Try these beers with your favorite Filipino foods

A bright IPA is a good match for pork or chicken adobo. Pictured is an IPA with a plate of chicken adobo.
A bright IPA is a good match for pork or chicken adobo. Pictured is an IPA with a plate of chicken adobo.
(Kent Nishimura | Ricardo DeAratanha / Los Angeles Times)

For years, Filipino cuisine was the specialty of home cooks. But recently, Filipino dishes are breaking out of the home kitchen and onto L.A.’s dining scene at restaurants such as Downtown’s Rice Bar and the Lasa Filipino pop-up at Alvin Cailan’s Unit 120 kitchen incubator in Chinatown. So what beers do you drink with all this great Filipino food? Here are suggestions for matching beers with some favorite dishes with origins in the Philippines.

IPA with adobo

Let’s start with pork or chicken adobo, perhaps the best known Filipino dish. The meat is stewed in vinegar, garlic and spices until the liquid concentrates its sharp, piquant flavors. There’s a sweet/tart interplay of reduced vinegar and a richness that can easily overwhelm a light, easy-drinking brew. Look for a beer that will cut through the tongue-coating richness with a firm bitterness, lively effervescence, bright acidity or higher alcohol content. IPAs, it turns out, are a popular recommendation to pair with many Filipino dishes. A bright IPA showcasing the tropical fruit aromas of modern hop varieties — such as Amalgamator from Beachwood Brewing — will match the intensity of adobo while countering the pork’s richness with a three-way assault of fat-busting alcohol, balancing hop bitterness and tongue-scrubbing bubbles.


FilipinoAmerican chef and restaurateur Andre Guerrero (Maximiliano, the Oinkster) slips some Filipino flavors onto the menu at the Hollywood location of the Oinkster. The restaurant features a pork adobo burger — a thin pork patty topped with tangy pork adobo, garlic-y aioli and pico de gallo on pandesal bun — and the chef suggests pairing the signature sandwich with the 1903 Lager from Pasadena’s Craftsman Brewing. The beer is a light-bodied throwback to the way American beer tasted before prohibition. Anchor Steam, with it’s dry-yet-malty body and mint-like hoppy finish, is another throwback beer to try with adobo. And for a more modern match for the adobo burger, try White Dog IPA from El Segundo Brewing Co. This wheat-based IPA matches tropical hop flavors to a citrusy body that highlights the vinegar twang of the pork.

Pale lagers with pulutan

Pulutan is a category of popular bar snacks that are nearly always served alongside a chilled San Miguel lager. There’s lumpia, the cousin of the eggroll; and sizzling sisig, which is stewed and fried pig head and liver, and all manner of other pig parts fried and dressed with citrus or chiles. Both these dishes beg for a glass of beer.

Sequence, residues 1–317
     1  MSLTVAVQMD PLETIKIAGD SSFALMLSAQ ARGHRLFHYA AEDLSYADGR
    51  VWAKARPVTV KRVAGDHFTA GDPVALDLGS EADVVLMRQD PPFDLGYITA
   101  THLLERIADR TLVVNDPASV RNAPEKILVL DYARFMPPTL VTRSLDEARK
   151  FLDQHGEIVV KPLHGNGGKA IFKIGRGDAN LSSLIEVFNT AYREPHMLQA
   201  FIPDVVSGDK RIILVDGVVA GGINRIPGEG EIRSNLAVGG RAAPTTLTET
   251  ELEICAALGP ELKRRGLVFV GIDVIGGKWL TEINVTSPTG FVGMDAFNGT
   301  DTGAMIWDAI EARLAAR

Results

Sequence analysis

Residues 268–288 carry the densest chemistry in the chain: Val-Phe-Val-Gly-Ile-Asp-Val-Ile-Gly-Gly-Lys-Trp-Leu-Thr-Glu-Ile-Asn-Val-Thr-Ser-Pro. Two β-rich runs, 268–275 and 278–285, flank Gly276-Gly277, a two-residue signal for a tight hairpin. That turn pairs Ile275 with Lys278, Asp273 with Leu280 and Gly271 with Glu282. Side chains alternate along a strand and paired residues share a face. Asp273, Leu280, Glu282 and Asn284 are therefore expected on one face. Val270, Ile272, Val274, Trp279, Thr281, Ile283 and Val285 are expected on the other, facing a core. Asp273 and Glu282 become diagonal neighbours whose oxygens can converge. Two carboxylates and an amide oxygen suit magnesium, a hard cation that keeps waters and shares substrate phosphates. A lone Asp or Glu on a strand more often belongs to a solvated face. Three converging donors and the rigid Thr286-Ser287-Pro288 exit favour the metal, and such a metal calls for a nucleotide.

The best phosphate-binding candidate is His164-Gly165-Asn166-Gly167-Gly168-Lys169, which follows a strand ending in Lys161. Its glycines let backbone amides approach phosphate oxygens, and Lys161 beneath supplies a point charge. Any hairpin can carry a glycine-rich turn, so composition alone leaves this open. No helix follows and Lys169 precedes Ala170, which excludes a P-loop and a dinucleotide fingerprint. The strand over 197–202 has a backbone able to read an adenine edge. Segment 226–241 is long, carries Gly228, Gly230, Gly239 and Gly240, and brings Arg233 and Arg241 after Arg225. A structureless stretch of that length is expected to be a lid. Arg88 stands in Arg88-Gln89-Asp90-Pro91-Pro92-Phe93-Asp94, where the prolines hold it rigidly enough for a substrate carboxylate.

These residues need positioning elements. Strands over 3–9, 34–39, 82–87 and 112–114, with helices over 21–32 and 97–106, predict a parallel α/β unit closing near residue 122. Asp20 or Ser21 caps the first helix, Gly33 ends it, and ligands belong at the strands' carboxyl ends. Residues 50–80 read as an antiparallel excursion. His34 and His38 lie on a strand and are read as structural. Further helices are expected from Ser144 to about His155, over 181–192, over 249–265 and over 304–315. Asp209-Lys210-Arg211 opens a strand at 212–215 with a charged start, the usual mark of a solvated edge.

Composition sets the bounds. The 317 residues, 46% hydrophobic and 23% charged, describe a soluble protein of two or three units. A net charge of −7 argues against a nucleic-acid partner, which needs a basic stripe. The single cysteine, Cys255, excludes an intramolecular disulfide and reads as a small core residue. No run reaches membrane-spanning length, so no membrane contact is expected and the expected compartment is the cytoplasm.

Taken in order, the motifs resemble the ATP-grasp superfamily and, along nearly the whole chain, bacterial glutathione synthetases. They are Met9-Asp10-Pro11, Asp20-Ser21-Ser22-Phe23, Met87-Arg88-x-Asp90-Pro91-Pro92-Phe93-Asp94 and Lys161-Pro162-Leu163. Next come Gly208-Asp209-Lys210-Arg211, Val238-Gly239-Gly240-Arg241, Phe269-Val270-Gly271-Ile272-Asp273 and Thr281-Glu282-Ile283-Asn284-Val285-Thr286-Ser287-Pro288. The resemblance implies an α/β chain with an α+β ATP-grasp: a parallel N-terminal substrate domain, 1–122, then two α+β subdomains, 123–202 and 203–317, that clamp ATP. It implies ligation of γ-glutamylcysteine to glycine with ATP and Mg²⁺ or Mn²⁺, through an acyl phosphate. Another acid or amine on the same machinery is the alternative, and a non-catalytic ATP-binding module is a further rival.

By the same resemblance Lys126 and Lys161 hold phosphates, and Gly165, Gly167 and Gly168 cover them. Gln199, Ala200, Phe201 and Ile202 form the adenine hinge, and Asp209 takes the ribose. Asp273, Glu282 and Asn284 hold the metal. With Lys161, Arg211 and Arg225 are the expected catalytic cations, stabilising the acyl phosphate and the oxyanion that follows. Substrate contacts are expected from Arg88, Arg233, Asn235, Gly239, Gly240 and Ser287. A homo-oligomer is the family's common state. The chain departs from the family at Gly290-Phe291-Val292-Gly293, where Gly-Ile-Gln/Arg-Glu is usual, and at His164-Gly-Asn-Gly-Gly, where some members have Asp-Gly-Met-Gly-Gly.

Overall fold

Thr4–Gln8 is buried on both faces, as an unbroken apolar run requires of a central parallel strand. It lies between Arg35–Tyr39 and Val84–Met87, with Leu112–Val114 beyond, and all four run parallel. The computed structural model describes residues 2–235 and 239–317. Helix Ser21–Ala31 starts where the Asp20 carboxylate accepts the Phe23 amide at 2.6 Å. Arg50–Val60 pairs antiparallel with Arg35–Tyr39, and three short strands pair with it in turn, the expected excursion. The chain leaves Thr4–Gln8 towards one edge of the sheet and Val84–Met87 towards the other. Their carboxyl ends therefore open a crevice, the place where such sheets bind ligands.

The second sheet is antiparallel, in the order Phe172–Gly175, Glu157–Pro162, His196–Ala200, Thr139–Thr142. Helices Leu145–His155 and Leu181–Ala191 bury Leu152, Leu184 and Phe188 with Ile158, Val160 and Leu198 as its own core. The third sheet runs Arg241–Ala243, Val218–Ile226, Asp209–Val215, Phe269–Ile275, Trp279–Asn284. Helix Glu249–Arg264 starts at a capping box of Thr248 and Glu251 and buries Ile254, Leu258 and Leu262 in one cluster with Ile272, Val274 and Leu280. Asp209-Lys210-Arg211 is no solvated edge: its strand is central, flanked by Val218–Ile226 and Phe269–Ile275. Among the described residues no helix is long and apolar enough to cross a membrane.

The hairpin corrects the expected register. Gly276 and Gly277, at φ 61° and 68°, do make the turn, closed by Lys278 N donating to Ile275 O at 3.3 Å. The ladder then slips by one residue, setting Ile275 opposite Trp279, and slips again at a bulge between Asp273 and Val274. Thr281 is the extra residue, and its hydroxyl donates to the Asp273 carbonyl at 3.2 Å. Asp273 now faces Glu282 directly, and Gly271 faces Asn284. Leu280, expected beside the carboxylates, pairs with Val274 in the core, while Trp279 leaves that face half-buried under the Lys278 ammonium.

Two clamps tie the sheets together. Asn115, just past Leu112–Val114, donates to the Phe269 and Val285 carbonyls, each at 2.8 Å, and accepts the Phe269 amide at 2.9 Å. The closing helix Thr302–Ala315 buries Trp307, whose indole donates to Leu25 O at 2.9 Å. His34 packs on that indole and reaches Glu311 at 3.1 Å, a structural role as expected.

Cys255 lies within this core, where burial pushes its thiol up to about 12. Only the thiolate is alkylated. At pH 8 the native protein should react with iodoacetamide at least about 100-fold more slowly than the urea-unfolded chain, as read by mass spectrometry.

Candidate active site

“The climate in the Philippines is very hot and humid, therefore the most popular beers are the lighter lager styles — and the colder the better.” says Guerrero. “Most of the fried dishes, such as spring rolls or the crispy fried pork, should be paired with a lager.” San Miguel is the traditional choice — the ubiquitous brew from the nation’s oldest and largest brewing company is pale and slightly sweet, and it will quench your thirst as it washes down pulutan. But why not try a more flavorful alternative to the industrial lagers?

Craft-brewed lagers have been gaining popularity, and pilsners, helles and modern takes on century-old American lagers offer more malt character and hop aroma, and can better stand up to the intensely flavored lumpia and sisig. You get all the easy-drinking and thirst quenching qualities of San Miguel in a fresher, more characterful brew. Look for cans of Pick Six Pils from San Diego’s Pizza Port Brewery, or try a Seafarer kolsch, the lager/ale hybrid style from Inglewood’s Three Weavers Brewing.

Sour beers with pancit buko

Even sommeliers have a tough time with Filipino foods — all the bold flavors and condiments common on the table can challenge the pairing powers of wine. Filipino-American cook-turned-sommelier Anthony Cailan (brother of Alvin Cailan of EggSlut and Unit 120) suggests finding a wine with “a mouthwatering acidity” to combat rich dishes.

Today, beer does acidity too. And sour ales, from the light and refreshing Berliner Weisse to the complex oak-aged wild ales from Belgian or American craft breweries, are versatile accompaniments to Filipino dishes. Cailan says sour beers that also feature a fruit component match with what he calls the “aggressively flavored Filipino foods.” Guerrero seconds the sour suggestion, and recommends wood-aged sour ales alongside the savory Filipino dishes featuring coconut milk such as pancit buko — noodles made from young coconuts. Flavors of oak imbued in the beer mirror the woody, green flavor of the coconut, while the ale’s acidity cuts the richness of the dish. Try a lambic-inspired bottle from Beachwood Blendery, an oak-aged saison from Monkish Brewing or an imported sweet-and-sour Flanders-style red from Rodenbach.


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